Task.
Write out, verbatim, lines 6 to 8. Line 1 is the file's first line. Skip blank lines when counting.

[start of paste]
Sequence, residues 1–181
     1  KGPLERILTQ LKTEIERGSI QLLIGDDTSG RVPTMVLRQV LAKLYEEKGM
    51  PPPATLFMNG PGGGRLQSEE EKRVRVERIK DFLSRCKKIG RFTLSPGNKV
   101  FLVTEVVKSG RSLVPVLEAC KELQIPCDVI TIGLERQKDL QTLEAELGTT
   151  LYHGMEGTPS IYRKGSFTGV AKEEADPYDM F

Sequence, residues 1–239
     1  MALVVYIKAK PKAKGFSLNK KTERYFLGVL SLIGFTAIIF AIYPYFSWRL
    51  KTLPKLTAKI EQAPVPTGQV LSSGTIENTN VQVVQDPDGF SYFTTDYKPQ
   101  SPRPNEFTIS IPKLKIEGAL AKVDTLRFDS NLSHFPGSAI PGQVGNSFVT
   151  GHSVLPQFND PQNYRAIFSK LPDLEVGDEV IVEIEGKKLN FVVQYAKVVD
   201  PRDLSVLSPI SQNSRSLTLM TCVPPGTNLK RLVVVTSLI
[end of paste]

Sequence, residues 1–239
     1  MALVVYIKAK PKAKGFSLNK KTERYFLGVL SLIGFTAIIF AIYPYFSWRL
    51  KTLPKLTAKI EQAPVPTGQV LSSGTIENTN VQVVQDPDGF SYFTTDYKPQ